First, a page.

Lake Oswego standout gets call to play in championship tourney

Adam Norgaard's prowess in lacrosse earned him first team all-state honors while playing for Oregon Episcopal School in 2016. Now he is making the jump to the world stage.Adam Norgaard is feeling more and more Irish every day.

That is because the 18-year-old Lake Oswego lacrosse star will be wearing the green national colors of Ireland at the 2016 FIL Under 19 Men’s World Lacrosse Championships, handily enough, in nearby British Columbia, July 7-16.

This is a great opportunity that came totally out of the blue, and it happened because Adam’s father Steve Norgaard was skimming over the Internet one day and noticed a most interesting item: Ireland was planning to send a team for the first time ever to the lacrosse world championship, even though the nation’s experience in lacrosse is virtually nil, and was putting out a clarion call to all good Irish lacrosse players.

The Emerald Isle found a great prospect in Norgaard. At 6-5 and 195 pounds he is awesomely rangy and, even better, he earned Class 6A all-state honors this year as a senior at Oregon Episcopal School.

And, oh yes, Norgaard is an Irish citizen. He was born in Ireland and lived there for 2 ½ years while his parents Steve and Karen were hop-scotching around the world. Irish law now holds that you cannot be an Irish citizen just by being born in Ireland. Fortunately for the Norgaards, this law didn’t pass until after Adam was born. He leaped through the loophole.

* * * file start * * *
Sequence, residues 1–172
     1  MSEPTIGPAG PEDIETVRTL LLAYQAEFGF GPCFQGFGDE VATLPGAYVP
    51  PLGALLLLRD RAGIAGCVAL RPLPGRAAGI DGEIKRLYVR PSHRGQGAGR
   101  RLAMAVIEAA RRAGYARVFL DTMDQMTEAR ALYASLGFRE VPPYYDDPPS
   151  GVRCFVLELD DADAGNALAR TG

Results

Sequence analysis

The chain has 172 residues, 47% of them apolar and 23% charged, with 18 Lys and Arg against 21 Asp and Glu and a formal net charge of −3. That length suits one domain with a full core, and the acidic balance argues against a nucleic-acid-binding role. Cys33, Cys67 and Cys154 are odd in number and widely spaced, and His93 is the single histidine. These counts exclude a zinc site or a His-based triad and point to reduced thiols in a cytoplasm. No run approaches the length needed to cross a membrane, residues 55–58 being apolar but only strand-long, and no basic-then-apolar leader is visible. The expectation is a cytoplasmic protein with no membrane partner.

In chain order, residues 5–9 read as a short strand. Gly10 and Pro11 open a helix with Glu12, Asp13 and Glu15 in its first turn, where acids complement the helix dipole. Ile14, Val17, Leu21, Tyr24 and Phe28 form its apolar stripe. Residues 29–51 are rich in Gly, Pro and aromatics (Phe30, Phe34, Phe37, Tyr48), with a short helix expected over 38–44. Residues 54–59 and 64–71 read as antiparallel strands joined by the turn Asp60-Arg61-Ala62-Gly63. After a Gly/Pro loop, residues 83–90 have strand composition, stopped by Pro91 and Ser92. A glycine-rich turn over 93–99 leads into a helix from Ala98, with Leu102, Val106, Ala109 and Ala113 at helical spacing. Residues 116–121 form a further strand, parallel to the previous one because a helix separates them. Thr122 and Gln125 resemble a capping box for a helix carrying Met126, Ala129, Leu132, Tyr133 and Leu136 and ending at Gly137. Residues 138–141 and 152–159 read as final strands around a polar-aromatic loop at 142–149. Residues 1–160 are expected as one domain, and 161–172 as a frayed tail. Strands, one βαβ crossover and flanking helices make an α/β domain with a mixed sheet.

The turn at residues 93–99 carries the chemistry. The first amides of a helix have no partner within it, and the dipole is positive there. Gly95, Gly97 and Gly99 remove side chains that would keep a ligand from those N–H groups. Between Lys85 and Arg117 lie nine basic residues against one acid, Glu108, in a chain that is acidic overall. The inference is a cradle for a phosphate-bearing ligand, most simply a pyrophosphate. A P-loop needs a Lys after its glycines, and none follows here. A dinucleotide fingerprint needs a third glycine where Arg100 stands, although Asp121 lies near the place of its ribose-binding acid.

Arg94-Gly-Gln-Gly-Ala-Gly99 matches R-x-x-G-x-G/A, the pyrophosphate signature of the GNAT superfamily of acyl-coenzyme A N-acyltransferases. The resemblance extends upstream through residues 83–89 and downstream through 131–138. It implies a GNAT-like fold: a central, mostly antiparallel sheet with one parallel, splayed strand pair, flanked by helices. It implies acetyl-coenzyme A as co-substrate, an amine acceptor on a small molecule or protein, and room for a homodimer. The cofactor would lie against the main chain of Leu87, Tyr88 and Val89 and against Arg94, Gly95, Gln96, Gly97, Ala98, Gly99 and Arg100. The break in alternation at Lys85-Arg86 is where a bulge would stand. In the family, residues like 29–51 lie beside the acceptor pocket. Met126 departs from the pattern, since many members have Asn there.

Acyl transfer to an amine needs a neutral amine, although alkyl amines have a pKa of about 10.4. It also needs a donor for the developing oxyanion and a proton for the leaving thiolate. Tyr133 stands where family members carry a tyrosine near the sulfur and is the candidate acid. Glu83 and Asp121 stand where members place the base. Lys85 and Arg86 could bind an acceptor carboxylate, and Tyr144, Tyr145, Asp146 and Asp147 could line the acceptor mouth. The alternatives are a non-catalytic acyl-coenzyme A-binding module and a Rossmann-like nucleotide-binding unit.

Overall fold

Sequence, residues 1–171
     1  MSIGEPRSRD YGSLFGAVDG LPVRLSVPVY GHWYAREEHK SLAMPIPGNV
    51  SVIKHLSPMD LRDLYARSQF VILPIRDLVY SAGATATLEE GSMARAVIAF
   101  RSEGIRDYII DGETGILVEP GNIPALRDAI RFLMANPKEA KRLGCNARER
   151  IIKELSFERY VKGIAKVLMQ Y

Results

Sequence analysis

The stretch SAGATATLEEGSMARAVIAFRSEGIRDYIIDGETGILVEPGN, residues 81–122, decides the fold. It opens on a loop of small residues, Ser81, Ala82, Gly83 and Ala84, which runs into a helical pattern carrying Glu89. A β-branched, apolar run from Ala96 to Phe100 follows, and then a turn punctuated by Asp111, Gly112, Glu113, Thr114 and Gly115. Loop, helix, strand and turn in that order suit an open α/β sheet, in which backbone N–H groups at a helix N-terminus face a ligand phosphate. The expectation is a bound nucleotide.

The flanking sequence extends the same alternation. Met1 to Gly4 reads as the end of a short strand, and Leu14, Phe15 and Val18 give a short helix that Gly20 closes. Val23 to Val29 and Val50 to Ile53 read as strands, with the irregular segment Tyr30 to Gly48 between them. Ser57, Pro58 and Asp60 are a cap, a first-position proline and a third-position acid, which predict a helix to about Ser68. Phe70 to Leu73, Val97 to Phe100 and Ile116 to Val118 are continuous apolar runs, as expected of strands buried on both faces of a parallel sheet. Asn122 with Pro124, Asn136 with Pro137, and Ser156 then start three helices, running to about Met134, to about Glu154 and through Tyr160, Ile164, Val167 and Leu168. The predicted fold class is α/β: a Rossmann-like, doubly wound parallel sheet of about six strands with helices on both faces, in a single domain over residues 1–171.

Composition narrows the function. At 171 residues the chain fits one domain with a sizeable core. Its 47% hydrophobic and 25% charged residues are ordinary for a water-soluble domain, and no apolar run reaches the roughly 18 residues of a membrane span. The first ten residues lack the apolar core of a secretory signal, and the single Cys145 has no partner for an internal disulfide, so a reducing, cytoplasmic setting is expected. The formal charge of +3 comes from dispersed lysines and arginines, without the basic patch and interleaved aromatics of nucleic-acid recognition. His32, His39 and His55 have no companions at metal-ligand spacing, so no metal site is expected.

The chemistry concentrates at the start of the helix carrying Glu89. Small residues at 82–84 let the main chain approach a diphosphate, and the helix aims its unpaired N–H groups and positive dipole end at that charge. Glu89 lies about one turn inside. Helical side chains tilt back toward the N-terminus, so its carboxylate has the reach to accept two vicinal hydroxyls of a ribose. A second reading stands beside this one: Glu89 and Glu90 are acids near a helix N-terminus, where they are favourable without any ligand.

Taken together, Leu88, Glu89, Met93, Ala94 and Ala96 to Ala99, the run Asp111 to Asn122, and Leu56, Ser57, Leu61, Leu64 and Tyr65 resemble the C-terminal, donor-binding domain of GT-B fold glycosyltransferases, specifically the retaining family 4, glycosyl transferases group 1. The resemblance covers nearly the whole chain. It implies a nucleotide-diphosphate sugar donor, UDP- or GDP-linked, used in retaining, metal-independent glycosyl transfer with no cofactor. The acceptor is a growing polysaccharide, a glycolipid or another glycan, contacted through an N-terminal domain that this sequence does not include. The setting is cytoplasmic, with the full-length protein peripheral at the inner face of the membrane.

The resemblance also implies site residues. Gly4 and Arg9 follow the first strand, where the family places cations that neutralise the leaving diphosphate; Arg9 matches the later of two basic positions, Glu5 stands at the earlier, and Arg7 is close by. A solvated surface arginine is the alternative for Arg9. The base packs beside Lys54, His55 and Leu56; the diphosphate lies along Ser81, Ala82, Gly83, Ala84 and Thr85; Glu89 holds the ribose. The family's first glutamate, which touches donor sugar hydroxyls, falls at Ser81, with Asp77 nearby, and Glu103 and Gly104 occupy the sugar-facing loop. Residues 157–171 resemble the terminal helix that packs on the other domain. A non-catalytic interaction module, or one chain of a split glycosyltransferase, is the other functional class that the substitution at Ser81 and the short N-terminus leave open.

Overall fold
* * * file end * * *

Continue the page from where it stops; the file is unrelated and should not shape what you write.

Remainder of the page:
“This is a great way to take advantage of being Irish,” Norgaard said. “It’s a great opportunity to play for the Irish national team.”

Actually, half of the Irish lacrosse team is made up of Americans like Norgaard, and they are badly needed for Ireland to make a respectable showing on the world stage. Norgaard practiced with the team for the first time during tryouts in Dublin last summer, and he thinks his teammates are a great bunch of guys. But they will need a lot of work and a few breaks to do well in British Columbia.

“From the tryouts it was obvious that the Americans were the most skilled players,” Norgaard said. “It’s such a new sport in Ireland. But the Irish kids are all playing on the same teams near Dublin. They have good team chemistry.”

Along with chemistry, there is the luck of the Irish and also the pride. Nations around the world, as lacking in lacrosse history as Ireland, are jumping on the lacrosse band wagon.

“Lacrosse is spreading like wildfire,” Steve Norgaard said. “It’s such a fun game.”

However, if Ireland wins only one match in the world tourney it will be a huge upset.

“There are only five club lacrosse clubs in Ireland,” said Norgaard, who will be heading to the University of Washington in the fall. “There are 50 high school lacrosse teams in Oregon.”

Norgaard has been immersed in lacrosse ever since he moved to Lake Oswego 11 years ago. When he sprouted to 6-5 he was briefly tempted to take up basketball, but his love for lacrosse won out.

Norgaard possesses all the physical skills needed to be an outstanding player, but he says, “It’s a great sport, but it’s more about the team and guys that really care about the destiny of their team.”

Whatever happens, the young Irish team will have fervent fan support, none more so than from Steve and Karen Norgaard.

“Karen and I are absolutely thrilled,” Steve said. “It’s exciting that Adam is going to be on the global stage and rubbing shoulders with the best young players in the world.”

Still, the best could be yet to come for the Norgaards and the Irish world team. Lacrosse might be added to the sports held at the 2020 Olympic Games held in Tokyo.

If that happens and Ireland earns a lacrosse berth at the Olympics, then Irish eyes will really be smiling.